RVCA planted six millionth tree, welcomed 200,000 visitors in 2018
Manotick – Close your eyes. Can you picture six million trees? We can – because that’s how many we’ve planted since 1984.
The Rideau Valley Conservation Authority (RVCA) has released its 2018 annual report, and among our many accomplishments from the past year, the planting of our six millionth tree stands tall.
“Every year we partner with landowners to reforest abandoned farm fields and other unused land,” said Scott Danford, manager of the reforestation program at RVCA. “Putting this land to work promotes wildlife and biodiversity, protects soil from erosion and improves water quality, while improving the look and value of these private properties.”
And that’s just one program of many at the Rideau Valley Conservation Authority, which monitors watershed health across a vast swath of land from Central Frontenac to Merrickville-Wolford and all the way to downtown Ottawa.
Under the Conservation Authorities Act, the RVCA is responsible for furthering the “conservation, restoration, development and management of natural resources in the watershed.” Its mission is to understand, manage, protect, restore and enhance the 4,000 km2 Rideau watershed through science, stewardship, education, policy and leadership.
“We need natural features like forests, wetlands, shoreline buffers and floodplains if we want clean water and robust tourism, recreation and agriculture sectors,” said Sommer Casgrain-Robertson, RVCA General Manager. “We also need these features to help protect people and property from flooding and erosion as natural features absorb and slow the movement of water in addition to filtering out contaminants.”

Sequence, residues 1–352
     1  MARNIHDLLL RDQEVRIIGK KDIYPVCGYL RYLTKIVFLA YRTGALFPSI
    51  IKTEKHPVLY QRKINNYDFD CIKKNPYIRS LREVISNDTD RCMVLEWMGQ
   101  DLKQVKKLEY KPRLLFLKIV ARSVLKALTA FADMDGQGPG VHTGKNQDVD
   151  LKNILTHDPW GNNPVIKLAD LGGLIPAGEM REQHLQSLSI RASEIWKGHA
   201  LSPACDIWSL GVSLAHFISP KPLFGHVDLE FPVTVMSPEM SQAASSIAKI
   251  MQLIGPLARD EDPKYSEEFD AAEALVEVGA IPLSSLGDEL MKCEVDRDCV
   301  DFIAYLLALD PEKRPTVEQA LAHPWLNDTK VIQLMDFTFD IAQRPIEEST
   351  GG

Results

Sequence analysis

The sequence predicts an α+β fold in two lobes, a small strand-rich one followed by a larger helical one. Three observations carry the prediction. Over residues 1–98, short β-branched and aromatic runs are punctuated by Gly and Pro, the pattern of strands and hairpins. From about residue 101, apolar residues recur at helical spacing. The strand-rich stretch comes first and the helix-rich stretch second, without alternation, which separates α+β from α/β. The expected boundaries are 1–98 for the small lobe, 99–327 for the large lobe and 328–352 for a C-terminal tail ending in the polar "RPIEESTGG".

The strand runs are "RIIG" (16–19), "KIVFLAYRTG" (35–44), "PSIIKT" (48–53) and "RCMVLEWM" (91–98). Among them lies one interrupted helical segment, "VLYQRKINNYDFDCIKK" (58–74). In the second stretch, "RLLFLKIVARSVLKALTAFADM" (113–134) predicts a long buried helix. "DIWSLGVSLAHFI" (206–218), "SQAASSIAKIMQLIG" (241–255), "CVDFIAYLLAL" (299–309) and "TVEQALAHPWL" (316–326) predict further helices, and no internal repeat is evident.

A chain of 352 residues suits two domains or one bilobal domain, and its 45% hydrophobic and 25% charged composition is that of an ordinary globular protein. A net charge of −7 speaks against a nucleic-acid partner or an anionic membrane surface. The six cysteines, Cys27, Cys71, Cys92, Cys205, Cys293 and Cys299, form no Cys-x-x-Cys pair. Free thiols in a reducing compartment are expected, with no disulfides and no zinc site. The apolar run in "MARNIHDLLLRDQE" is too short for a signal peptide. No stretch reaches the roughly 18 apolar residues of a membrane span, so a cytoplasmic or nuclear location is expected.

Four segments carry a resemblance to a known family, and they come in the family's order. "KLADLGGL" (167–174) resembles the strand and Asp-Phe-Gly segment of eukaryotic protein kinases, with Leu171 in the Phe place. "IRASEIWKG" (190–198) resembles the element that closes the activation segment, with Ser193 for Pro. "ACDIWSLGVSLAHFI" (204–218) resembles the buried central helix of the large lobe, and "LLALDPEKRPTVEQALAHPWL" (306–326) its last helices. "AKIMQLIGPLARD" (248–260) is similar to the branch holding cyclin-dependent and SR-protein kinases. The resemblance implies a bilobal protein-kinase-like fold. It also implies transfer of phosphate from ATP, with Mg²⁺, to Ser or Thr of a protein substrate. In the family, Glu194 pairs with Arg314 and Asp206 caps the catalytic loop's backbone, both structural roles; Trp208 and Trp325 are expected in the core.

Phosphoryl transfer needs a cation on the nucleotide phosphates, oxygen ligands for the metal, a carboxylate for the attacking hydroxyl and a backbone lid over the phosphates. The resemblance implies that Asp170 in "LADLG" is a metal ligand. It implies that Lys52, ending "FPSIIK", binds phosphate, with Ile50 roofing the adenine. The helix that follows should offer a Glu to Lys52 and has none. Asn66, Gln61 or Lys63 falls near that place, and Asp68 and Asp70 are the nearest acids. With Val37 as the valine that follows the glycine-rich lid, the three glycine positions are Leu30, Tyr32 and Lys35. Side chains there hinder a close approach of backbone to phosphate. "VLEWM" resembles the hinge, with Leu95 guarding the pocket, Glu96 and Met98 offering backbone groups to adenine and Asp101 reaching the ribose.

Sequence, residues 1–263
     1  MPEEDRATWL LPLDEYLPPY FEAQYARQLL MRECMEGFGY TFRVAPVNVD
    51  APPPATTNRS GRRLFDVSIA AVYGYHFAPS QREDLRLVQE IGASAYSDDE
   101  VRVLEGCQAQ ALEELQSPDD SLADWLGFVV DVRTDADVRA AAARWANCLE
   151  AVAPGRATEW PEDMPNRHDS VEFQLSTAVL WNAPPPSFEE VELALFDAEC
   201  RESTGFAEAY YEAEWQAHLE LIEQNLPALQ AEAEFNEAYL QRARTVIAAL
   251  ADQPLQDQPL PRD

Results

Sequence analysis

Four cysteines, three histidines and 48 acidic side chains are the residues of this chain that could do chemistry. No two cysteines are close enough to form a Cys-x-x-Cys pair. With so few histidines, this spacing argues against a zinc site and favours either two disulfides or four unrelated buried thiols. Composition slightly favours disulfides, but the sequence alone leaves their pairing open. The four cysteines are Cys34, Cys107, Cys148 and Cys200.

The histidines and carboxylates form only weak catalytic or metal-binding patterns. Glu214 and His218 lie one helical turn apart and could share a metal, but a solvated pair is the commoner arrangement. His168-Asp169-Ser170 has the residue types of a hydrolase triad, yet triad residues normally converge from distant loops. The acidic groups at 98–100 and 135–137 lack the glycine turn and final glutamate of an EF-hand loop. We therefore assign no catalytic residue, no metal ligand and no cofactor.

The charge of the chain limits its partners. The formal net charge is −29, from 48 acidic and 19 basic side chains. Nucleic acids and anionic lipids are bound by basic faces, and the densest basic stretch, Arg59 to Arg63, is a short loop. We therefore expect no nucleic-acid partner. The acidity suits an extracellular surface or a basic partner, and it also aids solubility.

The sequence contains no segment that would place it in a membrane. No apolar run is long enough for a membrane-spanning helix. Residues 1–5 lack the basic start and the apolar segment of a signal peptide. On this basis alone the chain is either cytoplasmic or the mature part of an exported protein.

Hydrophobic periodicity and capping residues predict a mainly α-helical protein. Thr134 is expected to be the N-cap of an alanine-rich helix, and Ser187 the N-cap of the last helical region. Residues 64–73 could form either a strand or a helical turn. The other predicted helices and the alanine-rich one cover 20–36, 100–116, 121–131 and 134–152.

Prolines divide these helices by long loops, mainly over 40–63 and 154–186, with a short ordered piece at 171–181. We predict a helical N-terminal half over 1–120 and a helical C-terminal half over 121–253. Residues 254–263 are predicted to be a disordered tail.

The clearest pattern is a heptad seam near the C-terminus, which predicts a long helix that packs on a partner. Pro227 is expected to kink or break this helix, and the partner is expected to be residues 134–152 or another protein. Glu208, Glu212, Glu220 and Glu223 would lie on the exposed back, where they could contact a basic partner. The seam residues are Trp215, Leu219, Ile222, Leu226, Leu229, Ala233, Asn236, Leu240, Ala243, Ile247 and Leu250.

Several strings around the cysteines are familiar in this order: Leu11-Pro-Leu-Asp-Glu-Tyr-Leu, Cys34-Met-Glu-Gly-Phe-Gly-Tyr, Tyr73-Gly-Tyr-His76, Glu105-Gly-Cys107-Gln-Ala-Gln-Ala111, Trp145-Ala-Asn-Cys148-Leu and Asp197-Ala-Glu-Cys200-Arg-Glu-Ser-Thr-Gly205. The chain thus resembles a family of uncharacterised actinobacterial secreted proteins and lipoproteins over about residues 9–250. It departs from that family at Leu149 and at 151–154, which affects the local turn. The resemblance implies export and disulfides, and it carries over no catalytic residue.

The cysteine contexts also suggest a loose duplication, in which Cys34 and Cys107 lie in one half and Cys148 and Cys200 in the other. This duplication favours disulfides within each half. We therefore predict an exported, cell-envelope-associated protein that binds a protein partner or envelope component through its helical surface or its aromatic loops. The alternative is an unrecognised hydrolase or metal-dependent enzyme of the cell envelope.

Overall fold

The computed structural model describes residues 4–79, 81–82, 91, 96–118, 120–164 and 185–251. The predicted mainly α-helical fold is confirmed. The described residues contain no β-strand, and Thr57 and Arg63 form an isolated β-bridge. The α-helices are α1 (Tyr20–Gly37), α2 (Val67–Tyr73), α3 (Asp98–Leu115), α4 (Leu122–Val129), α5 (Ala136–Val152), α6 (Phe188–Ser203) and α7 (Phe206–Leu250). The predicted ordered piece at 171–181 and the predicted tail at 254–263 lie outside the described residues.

Other highlights from 2018 include:
· 200,000 visitors to RVCA’s 11 conservation areas, which offer 42 kilometres of public trails
· 10,000 student visitors to the authority’s outdoor education programs at Baxter and Foley Mountain conservation areas, and the launch of a new Forest School kindergarten program at Foley Mountain
· 70 km of streams and tributaries surveyed and 39 lakes, 13 wells and 163 stream sites sampled
· 159 clean water projects funded with nearly $400,000 in grants
· Heart’s Desire Weir in the Jock River replaced with a river-friendly rocky ramp
· 11,433 native trees and shrubs planted, naturalizing 79 shorelines
· Rain garden installed at Baxter Conservation Area to reduce stormwater runoff
· 18 flood messages and 10 low water response messages issued
· 52 nest boxes monitored for ducks, a 1,600 m2 fish habitat created at the Perth Wildlife Reserve, and six new habitat features for species at risk completed across the watershed
· Tay River subwatershed report released
· 88 km of new hazard mapping completed to guide development applications
· 1,366 Planning Act applications reviewed (site plan control, minor variances, severances, subdivision reviews and other development needs)
· 1,107 septic system applications and inspections processed
· 1,636 inquiries, applications, complaints and violations processed under the Conservation Authorities Act.
In other words, we were busy!
“Investing in local watershed health today ensures a sustainable future for our local communities and economies,” said Ms. Casgrain-Robertson. “Thank you to our staff, municipalities, partners and volunteers who helped us achieve our 2018 goals, and we look forward to a successful 2019.”
For your copy of the RVCA 2018 Annual Report, visit www.rvca.ca or call 613-692-3571 or 1-800-267-3504 for a hard copy.